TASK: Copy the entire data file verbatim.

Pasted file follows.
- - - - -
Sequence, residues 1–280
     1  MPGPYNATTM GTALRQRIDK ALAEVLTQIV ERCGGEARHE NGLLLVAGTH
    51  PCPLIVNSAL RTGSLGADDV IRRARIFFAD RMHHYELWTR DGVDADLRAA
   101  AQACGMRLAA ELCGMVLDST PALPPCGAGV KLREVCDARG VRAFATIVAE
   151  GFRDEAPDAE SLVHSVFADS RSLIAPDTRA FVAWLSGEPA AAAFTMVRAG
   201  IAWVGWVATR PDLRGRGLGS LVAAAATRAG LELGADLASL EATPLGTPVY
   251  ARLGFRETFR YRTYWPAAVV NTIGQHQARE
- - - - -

Sequence, residues 1–280
     1  MPGPYNATTM GTALRQRIDK ALAEVLTQIV ERCGGEARHE NGLLLVAGTH
    51  PCPLIVNSAL RTGSLGADDV IRRARIFFAD RMHHYELWTR DGVDADLRAA
   101  AQACGMRLAA ELCGMVLDST PALPPCGAGV KLREVCDARG VRAFATIVAE
   151  GFRDEAPDAE SLVHSVFADS RSLIAPDTRA FVAWLSGEPA AAAFTMVRAG
   201  IAWVGWVATR PDLRGRGLGS LVAAAATRAG LELGADLASL EATPLGTPVY
   251  ARLGFRETFR YRTYWPAAVV NTIGQHQARE